Dating back to June of 2014, Saudi Arabia’s treasury contained a cash reserve of $750 billion dollars. Currently, it has an estimated burn rate of roughly $60 billion dollars a year. Theoretically, Saudi Arabia can maintain this low oil price environment for up to 8 years. But in reality, they wouldn’t want to burn all of their reserves, especially when government expenditures are increasing. As an example, for this year, educations expenditures have increased by 3 percent, health and social affairs expenditures have increased by 48 percent, and military spending has increased by 18 percent.

As a result, Saudi Arabia will probably only be able to realistically wage their war for market share for roughly 1 or 2 more years. This is due to the fact that expenditures are rising, and over 80 percent of government revenue is derived from oil exports, so Saudi Arabia can’t afford this low price environment for much longer.

But how long can ExxonMobil, Chevron, and Conoco Phillips maintain their dividends if these prices persist over the next 2-3 years?

Let’s explore 3 internal factors: the strength of each company’s balance sheet, the company’s dividend payout ratio, and the company’s cash flow.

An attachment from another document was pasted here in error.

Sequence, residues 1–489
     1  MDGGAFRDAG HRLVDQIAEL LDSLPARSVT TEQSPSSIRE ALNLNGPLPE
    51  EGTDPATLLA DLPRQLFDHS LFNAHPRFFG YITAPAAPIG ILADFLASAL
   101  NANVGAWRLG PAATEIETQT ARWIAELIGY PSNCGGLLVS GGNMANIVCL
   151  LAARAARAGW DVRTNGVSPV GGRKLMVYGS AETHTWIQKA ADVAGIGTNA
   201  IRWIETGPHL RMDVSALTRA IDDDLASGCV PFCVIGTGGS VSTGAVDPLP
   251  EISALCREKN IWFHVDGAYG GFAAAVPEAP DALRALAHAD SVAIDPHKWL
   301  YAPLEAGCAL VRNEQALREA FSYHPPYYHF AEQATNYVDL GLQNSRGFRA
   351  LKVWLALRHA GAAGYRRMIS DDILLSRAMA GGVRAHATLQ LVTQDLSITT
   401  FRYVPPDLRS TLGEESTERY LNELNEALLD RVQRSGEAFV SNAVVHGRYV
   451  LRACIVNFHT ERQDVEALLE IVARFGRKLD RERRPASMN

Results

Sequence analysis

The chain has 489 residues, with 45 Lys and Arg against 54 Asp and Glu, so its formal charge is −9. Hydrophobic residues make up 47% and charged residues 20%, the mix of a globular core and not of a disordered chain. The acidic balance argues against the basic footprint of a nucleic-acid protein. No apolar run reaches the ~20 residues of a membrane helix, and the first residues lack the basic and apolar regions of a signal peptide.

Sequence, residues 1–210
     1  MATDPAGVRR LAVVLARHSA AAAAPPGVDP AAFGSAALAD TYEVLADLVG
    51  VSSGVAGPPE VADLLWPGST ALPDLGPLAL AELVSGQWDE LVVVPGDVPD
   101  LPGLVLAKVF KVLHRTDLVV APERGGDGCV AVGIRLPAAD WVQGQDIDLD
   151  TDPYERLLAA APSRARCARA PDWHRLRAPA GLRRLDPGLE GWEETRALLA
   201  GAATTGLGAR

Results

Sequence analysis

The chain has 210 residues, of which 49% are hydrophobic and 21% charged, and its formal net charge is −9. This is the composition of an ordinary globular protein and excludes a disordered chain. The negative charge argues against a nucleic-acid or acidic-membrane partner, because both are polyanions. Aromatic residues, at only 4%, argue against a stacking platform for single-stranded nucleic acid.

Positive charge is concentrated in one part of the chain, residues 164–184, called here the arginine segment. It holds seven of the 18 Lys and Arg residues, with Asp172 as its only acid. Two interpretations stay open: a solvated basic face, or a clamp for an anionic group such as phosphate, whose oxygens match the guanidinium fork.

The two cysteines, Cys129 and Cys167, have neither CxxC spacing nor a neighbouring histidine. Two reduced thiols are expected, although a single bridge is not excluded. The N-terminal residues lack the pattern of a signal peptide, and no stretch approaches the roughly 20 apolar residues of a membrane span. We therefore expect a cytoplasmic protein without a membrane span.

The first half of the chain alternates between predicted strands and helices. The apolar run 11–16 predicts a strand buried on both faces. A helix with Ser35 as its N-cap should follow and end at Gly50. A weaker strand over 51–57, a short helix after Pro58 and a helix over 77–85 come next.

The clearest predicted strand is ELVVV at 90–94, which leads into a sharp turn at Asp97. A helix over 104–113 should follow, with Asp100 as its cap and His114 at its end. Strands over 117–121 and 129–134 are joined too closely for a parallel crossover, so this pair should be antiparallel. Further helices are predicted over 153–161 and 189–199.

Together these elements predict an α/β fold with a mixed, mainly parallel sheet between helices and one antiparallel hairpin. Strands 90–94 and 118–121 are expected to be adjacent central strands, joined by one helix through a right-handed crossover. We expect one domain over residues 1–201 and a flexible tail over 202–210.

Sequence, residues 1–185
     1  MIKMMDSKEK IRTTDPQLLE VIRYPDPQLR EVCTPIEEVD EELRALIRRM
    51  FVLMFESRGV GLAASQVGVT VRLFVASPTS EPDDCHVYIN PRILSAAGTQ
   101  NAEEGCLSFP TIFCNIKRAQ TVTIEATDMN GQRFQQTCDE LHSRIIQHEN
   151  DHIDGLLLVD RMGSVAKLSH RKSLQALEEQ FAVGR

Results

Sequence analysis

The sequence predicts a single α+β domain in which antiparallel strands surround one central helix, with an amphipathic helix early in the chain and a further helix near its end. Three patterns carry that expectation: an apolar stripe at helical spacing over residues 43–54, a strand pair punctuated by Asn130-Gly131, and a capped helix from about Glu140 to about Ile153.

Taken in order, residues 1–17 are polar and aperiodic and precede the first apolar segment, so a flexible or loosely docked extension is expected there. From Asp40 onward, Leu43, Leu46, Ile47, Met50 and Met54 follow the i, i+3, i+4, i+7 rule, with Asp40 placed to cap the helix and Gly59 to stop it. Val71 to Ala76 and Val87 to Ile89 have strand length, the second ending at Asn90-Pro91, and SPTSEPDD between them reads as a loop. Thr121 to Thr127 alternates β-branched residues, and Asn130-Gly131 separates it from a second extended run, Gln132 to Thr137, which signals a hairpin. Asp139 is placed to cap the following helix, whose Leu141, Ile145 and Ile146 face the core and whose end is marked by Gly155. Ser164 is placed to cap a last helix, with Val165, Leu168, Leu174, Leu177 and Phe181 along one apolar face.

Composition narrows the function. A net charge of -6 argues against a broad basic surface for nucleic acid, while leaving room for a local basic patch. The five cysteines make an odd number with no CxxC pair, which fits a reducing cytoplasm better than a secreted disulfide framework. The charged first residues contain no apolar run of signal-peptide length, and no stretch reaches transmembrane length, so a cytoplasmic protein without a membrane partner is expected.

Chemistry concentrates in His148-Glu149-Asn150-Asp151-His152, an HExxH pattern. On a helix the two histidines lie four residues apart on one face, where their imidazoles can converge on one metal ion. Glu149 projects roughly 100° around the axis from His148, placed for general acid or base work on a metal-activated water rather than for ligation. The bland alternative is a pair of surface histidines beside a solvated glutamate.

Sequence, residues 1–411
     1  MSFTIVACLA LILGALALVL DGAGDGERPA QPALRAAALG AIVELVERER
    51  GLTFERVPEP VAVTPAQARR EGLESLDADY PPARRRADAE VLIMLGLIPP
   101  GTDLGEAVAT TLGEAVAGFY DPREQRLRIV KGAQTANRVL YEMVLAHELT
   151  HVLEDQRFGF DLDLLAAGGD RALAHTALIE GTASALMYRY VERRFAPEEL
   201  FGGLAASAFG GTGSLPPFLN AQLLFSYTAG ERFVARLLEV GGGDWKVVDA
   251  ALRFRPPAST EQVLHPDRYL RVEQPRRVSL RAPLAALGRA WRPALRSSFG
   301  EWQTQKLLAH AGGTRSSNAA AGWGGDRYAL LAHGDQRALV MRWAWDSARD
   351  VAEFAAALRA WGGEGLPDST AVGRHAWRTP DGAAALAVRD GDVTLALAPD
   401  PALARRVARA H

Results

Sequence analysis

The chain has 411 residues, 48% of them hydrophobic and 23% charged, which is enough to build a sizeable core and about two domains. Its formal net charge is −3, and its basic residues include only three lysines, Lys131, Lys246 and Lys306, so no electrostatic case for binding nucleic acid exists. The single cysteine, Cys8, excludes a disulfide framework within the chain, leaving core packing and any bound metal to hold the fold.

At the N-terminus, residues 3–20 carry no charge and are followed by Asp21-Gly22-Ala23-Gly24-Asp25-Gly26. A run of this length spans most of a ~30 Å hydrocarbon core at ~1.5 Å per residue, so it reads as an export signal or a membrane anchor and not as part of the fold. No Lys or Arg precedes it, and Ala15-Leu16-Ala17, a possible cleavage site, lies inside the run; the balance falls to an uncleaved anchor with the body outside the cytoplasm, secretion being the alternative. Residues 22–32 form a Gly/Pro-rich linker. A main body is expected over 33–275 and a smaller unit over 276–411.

Chevron- In order to calculate Chevron’s cash flow, I added its operating cash flow plus depreciation, depletion and amortization (DD&A), and that equated to $17.6 billion dollars. I added DD&A, because that expense was already paid for, and doesn’t contribute to a cash burn. Then I subtracted its CAPEX, which equated to $17.3 billion dollars. Related: Where Is Oil Heading? New Reports From IEA, OPEC, And EIA Provide Clues

So far, the company is cash flow positive of $300 million dollars, based on numbers from its investor report. In terms of its dividend payout ratio, its payout ratio is over 100 percent, which is very high. Its balance sheet is strong with a current ratio of 1.4, based on numbers from google finance, a quick ratio of 1.01, and total assets/total liabilities ratio of 2.3.